The commonest enclosures are those with a single rampart; 
many have a double rampart, the two being separated only by 
the width of the intervening ditch. Forts with a triple rampart 




are rare. Underground structures in connection with forts con- 
sist of trenches or pits, the walls of which are lined by means 
of dry masonry. The whole was covered by a series of horizon- 
tal stone lintels. If the space to be covered exceeded the dimen- 
sions of a manageable lintel, it was covered by a process of 

The simple type of underground structure is a small cham- 
ber, two or more meters long by one or more wide. There may 
be a succession of small chambers with passages affording ac- 
cess. In some cases there is a two-story system of passages. 
Simple underground chambers were probably for storage. The 
more elaborate ones were obviously for affording means of 
escape in case of a successful attack. 

Stone Forts 

More imposing than the earthen fortifications are the stone 
forts or brochs; these are generally assigned to the Bronze Age, 





but probably date from the Iron Age. They are especially 
numerous in Ireland. A good example is Staigue Fort 
(Fig. 45) near Waterville (Kerry), Irish Free State. It stands 
on a knoll at the base of a natural amphitheater and looks out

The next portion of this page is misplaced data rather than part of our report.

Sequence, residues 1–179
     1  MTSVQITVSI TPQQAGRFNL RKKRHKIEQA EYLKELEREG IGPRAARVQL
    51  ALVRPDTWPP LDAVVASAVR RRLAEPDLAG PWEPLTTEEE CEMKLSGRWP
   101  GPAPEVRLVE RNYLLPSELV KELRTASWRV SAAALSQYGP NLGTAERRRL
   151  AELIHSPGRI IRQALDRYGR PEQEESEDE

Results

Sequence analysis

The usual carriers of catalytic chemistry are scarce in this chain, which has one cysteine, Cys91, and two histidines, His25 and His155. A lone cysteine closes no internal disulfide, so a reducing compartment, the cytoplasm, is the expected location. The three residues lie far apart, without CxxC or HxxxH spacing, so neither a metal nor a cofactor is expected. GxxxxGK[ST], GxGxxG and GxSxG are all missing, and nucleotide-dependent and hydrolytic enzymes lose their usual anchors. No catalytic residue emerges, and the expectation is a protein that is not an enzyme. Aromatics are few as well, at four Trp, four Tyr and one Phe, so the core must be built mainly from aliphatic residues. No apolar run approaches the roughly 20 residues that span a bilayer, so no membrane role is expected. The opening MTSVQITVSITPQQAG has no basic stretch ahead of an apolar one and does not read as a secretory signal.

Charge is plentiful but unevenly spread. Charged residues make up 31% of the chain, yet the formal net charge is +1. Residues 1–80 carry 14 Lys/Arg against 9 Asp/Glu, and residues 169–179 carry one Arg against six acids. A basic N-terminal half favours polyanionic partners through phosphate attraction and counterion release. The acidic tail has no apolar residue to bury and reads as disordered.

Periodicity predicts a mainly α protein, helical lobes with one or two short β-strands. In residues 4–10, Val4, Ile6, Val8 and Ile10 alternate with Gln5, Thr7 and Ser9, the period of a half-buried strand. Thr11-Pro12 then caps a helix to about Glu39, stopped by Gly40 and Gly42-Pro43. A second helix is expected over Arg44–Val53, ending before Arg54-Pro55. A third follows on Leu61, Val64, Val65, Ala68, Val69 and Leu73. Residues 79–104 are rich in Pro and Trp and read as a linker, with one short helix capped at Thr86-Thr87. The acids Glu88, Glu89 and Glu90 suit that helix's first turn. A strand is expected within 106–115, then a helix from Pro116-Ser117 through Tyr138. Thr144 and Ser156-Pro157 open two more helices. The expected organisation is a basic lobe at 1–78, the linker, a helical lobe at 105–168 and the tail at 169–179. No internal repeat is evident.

upon the lower stretches of Kenmare Bay. Its entrance is on 
the southwest. The circular enclosure has a diameter of about 
160 feet (forty-nine meters). The walls are extremely thick 

* Corbeling, the arrangement of stones or bricks in building a wall, so that 
successive courses project beyond those below them. 


(twenty or twenty-two feet) and enclose two oval chambers, 
both of which are accessible only from, the enclosure. The walls 
are of dry masonry and are provided with series of stone steps 
by means of which the top of the surrounding wall may be 

The broch is a defense tower; it is also sometimes referred 
to as "burgh," and in the Hebrides Islands as "dun." The broch 
is limited to northern England, Scotland, Ireland and neighbor- 
ing islands. At least 400 brochs are known, of which 145 are 
in Caithness, 60 in Sutherland, 70 on the Orkneys, and 75 on 
the Shetland Islands. 



AT what stage man began to supplement his natural hairy